Cairo Whiskey Tasting. Irish Whiskey on The Nile.
There is something about the light in Africa. Once you have been there, even once, it stays forever in your memory. As a scent, not experienced for thirty years can immediately return you to childhood times, the light of an African morning evokes powerful memories of previous visits and experiences.
The light of Egypt and North Africa is slightly different to the light of Uganda or Somalia further South and East, but those who have lived or worked in any of these places, will still instinctively know if a movie scene they are watching was filmed on location in Africa or in some remote studio in Hollywood or the UK.
It had been 25 years since I last drove through the streets of Cairo and the memories of my early career came flooding back as our Irish embassy staff car carved through the morning traffic along the banks of the Nile. Back then, I was working for the United Nations. Today, I would be #Working4Ireland.
#Working4Ireland is the clever social media hashtag used by the Irish Department of Foreign Affairs and their network of Irish Embassies around the globe to highlight the work they do in promoting Irish Culture, Products and Tourism.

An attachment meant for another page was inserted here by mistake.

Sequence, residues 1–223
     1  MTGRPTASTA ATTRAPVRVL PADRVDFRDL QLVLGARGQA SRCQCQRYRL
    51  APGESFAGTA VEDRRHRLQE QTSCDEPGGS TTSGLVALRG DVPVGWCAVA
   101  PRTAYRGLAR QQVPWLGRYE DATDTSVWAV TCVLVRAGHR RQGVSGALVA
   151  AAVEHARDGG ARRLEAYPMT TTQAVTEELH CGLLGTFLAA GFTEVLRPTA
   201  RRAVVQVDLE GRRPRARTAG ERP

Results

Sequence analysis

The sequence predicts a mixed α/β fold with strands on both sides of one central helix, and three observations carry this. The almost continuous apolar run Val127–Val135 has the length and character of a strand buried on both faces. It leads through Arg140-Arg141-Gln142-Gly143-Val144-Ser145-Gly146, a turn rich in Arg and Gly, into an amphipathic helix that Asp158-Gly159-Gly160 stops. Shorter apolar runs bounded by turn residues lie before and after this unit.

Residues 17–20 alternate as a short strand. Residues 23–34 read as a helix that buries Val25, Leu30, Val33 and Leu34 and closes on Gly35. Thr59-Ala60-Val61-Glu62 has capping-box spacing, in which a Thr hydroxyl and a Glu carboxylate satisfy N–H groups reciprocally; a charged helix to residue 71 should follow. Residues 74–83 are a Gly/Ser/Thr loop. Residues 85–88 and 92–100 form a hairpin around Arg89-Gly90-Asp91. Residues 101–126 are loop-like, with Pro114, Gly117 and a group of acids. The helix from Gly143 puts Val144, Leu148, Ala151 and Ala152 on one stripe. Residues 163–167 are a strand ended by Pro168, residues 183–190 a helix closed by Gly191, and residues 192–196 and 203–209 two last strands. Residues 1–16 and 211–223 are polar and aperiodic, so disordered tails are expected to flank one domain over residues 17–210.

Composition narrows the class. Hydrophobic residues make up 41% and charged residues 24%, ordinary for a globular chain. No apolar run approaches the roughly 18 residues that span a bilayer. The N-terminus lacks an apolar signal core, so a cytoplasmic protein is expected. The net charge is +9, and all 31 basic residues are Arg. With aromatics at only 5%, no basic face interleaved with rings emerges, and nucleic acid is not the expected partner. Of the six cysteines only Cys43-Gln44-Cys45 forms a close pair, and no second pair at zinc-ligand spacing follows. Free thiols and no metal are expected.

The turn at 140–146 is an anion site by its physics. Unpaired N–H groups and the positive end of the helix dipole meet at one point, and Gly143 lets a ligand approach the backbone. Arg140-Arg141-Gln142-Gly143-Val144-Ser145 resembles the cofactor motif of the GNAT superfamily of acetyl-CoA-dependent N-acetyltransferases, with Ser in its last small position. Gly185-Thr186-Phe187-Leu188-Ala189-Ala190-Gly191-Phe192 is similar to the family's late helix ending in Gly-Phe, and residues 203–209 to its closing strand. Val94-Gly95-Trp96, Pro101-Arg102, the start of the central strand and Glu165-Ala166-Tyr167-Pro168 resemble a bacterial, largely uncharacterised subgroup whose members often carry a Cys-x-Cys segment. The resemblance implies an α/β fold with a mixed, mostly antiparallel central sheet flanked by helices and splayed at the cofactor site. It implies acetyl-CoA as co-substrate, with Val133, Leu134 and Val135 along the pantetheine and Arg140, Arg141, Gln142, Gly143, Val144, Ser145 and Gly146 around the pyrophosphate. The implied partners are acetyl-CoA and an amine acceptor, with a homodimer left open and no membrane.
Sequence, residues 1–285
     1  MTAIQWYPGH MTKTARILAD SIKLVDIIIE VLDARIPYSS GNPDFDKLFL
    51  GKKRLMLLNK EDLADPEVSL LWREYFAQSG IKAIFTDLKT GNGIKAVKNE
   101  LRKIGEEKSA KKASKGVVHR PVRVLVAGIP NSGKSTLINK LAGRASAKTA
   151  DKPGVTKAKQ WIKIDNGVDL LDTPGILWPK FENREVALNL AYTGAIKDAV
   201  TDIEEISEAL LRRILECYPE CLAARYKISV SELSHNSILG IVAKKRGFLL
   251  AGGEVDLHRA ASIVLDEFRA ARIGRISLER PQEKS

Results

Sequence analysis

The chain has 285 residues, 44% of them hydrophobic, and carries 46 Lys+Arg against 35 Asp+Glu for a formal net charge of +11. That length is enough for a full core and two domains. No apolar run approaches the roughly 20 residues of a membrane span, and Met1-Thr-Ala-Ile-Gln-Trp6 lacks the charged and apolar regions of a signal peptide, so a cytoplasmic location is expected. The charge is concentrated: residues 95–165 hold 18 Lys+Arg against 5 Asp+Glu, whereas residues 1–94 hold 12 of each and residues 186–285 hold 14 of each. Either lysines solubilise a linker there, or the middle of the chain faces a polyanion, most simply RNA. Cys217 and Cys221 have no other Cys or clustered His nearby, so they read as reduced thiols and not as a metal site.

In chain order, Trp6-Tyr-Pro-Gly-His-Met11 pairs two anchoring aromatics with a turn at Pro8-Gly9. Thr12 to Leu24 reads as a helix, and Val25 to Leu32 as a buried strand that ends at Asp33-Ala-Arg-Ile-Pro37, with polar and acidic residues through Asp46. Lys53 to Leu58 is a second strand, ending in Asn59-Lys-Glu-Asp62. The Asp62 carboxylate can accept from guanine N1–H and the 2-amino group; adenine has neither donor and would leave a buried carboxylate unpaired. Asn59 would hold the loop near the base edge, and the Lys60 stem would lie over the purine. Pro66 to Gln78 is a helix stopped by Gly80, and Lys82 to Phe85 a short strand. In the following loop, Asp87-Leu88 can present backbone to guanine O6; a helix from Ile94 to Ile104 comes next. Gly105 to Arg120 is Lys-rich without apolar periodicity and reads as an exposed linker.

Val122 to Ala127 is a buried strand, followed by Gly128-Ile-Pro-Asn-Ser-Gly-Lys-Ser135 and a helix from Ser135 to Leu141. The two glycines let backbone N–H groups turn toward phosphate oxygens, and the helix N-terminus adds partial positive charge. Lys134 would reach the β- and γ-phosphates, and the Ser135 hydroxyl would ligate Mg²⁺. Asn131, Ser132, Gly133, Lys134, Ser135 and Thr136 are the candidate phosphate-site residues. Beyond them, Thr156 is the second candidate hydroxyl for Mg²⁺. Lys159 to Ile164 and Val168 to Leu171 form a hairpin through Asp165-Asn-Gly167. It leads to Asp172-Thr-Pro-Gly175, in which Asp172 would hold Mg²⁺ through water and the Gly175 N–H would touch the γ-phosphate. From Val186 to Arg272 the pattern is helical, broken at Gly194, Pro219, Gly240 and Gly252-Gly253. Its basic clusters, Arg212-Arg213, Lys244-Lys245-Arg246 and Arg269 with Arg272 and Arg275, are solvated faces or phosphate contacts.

Punch #Working4Ireland into Twitter or Instagram and you will be amazed at both the volume and diversity of work conducted by Irish Ambassadors and their Embassy Support Staff (local and DFA) in promoting Ireland and Irish Culture, Food and Business around the world.
I had been invited to Cairo by the Irish Ambassador to Egypt, Seán O’Regan. Seán and I had first met a few years ago when he served as Irish Ambassador for both Slovenia and Bosnia and Herzegovina and I was working with a European Union Mission based in Sarajevo. A shared love of Irish food and culture combined with a shared background of growing up in West Cork led to a discussion one evening about the possibility of me running an Irish Whiskey and Food Pairing event in Lubijana, Slovenia on a weekend that I would be free.
Unfortunately, as both Seán and I were approaching the end of our respective postings, time was our enemy and our event was not to be – this time. But a few months ago, Seán, who is now based in Cairo, re-issued his kind invitation. I had some annual leave to spare, so in January 2019, I found myself pulling up outside the front door of the Cairo Conrad Hotel on a sunny January morning.
The Cairo Conrad
The 5 Star Conrad Hotel on Cairo’s Nile Corniche, is one of Cairo’s leading business and touism hotels. It is managed by Conrad Hotel veteran Mr. Wolfgang Maier who over a forty year career, has managed many of the Conrad Hotel group’s leading hotels around the world.
The room chosen for our Cairo Whiskey Tasting event was the Conrad Cairo’s Stage One which has stunning views acoss the river Nile to the river island of Gezira which houses Cairo’s Zamalek Business and Diplomatic Quarter.
Aya Sayed from the Irish Embassy and I worked closely with the Cairo Conrad events team and in particular with their Executive Chef Paolo Rocco. Together, we perfected the tasting menu, set up the venue, choreographed and rehearsed the stage management of the event which started that evening at 7.30 pm.